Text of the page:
Both Garrison and Douglass speak out against the injustices of slavery, and try to arouse the abolitionist spirit in the people. Garrison referred to the statement in the Declaration of Independence that “all men are created equal, and endowed by their Creator with certain unalienable rights-among which are life, liberty, and the pursuit of happiness.” Garrison used this as a basis for the abolishment of slavery. Douglass uses the fact that there is not equality in the manhood for Negros and for the white man. He says that there were “seventy-two crimes in Virginia in which a black man would be sentenced to death, whereas a white man would only receive the death sentence for two of those crimes.” Fitzhugh described the benefits of slavery for the Negros. He talked about how slaves have all the necessities of life provided to them and never have to worry about starving, whereas the free laborer has to work or else he will starve. The one point in which Fitzhugh does agree with Douglass and Garrison is that he, and much of the South, admitted that they were aware that slavery in general is morally wrong and is a violation of human rights.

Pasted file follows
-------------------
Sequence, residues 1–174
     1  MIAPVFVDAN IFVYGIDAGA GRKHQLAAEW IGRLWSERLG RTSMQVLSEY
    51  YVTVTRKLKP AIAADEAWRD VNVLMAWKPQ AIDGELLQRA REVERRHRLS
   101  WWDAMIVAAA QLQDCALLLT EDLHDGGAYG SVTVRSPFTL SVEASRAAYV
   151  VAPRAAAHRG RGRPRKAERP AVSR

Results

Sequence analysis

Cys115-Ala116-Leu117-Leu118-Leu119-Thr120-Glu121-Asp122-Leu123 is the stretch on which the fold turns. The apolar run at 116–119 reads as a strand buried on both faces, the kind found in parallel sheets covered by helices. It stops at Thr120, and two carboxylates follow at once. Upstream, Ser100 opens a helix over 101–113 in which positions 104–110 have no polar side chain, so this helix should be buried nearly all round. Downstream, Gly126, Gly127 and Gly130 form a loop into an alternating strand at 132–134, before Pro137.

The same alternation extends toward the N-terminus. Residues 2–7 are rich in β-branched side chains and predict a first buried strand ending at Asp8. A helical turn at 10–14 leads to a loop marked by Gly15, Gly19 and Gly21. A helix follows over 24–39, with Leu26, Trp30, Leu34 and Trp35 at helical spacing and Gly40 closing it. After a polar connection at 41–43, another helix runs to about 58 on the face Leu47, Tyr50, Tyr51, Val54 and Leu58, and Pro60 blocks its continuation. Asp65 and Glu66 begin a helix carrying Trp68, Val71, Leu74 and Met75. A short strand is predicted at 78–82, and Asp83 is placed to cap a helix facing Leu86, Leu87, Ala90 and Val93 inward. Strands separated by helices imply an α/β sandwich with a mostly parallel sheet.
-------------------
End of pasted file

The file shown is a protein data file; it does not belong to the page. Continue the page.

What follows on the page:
Although Fitzhugh and the other pro-slavery people opposed the abolitionists, both groups understood that the slavery existing in the United States was morally wrong. The main difference was the slaveholders simply ignored this fact and continued to defend slavery.